I would say that this is the point where the cabinet are implicitly recognising that they cannot negotiate when they don’t know or agree what they are negotiating for. Up to this point it has probably been worth negotiating to get some idea of what may be negotiable.

    So as you say, nothing to move the process forward, but since, to date, they have never had any real idea of what they wanted apart from all the benefits and none of the costs, there has never been any prospect of the process moving forward. But as I said, it is progress in that they have created space to begin avoiding jumping off the cliff. Expect Boris to hang around for a while and then to resign, howling betrayal once it becomes obvious that we will remain in the CU and the SM to address NI. I think this is already scripted. The government lack the guts to see through any serious brexit – what they are looking for is a minimum of a figleaf to claim that they have delivered on the referendum.


    I think your all missing the point, which is the government is not moving from the principles laid down in May’s original speech but we “appear” to be bending over backwards to be nice to the EU. It’s all part of the negotiation and government positioning if the talks break down. Assuming the EU negotiaters do not move from their position we reach deadlock, but now more of the blame falls squarely on the EU IMO, certainly in the UK, which is what matters to the Government.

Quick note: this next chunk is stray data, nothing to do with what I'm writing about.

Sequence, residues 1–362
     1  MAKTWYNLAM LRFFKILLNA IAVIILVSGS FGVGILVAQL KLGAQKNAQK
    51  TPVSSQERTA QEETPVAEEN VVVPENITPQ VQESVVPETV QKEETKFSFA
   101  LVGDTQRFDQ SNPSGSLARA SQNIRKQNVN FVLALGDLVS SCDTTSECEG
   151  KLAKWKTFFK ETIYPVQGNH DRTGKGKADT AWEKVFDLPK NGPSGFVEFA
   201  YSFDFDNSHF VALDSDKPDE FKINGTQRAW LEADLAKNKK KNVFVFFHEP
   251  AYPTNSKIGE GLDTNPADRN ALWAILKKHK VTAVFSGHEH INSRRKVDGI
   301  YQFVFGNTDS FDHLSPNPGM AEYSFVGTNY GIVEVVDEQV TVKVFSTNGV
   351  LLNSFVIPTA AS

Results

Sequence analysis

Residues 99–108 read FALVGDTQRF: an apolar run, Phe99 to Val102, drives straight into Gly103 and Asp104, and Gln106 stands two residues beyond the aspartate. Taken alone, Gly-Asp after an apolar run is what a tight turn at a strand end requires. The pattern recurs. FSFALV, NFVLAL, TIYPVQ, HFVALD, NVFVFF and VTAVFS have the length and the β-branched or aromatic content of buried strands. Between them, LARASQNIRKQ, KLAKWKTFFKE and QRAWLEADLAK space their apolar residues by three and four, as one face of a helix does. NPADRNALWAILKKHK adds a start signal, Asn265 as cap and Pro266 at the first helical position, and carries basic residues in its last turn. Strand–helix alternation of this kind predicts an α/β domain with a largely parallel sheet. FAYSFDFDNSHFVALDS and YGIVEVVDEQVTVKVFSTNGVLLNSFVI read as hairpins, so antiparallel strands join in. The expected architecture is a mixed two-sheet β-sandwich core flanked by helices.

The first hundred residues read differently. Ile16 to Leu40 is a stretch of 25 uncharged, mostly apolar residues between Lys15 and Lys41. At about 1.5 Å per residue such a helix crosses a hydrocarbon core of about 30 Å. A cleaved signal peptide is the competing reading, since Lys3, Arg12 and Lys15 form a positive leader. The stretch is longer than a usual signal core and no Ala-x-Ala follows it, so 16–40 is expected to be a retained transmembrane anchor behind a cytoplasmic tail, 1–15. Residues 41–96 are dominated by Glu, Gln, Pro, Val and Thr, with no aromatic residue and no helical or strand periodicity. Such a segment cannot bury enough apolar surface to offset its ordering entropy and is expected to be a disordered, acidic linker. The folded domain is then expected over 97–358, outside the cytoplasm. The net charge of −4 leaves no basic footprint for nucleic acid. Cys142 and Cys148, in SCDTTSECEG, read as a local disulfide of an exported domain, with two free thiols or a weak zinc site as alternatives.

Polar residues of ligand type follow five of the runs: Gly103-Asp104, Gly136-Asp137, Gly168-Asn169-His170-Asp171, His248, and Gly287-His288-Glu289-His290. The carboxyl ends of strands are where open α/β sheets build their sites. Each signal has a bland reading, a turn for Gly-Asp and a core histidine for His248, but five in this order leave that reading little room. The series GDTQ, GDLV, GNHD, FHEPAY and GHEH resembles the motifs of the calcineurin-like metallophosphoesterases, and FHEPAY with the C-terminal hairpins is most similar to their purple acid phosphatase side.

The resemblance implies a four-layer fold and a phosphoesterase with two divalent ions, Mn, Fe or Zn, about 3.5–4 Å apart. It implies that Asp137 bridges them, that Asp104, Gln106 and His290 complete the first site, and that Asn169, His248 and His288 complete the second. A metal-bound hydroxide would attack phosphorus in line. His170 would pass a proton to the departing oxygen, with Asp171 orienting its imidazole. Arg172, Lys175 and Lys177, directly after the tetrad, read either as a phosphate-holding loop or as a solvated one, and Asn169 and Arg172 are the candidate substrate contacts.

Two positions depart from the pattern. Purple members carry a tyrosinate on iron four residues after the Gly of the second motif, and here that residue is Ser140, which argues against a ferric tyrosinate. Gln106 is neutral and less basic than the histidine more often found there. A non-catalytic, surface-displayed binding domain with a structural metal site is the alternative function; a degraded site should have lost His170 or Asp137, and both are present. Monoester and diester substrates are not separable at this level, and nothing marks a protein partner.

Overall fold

The Tory press have been reasonably favourable and even the BBC’s Laura Kuenssberg made the following comment:
    “Business nerves have been somewhat soothed by her promise of transition. And at least for today, the Tory party, riven with divisions over Europe, seems to (almost) be speaking as one.
    Whether that makes this truly a BIG SPEECH is for you to decide.
    Did it answer all the questions that Theresa May will need to answer if she stays in Number 10 during this long process? Far from it.
    But did it make a difference, not just to the talks, but to the politics at home? Yes indeed.”


    Alvis Brexiteer

    Good cars in their day, although I’m unaware of a Brexiteer model. Does re:smog have one?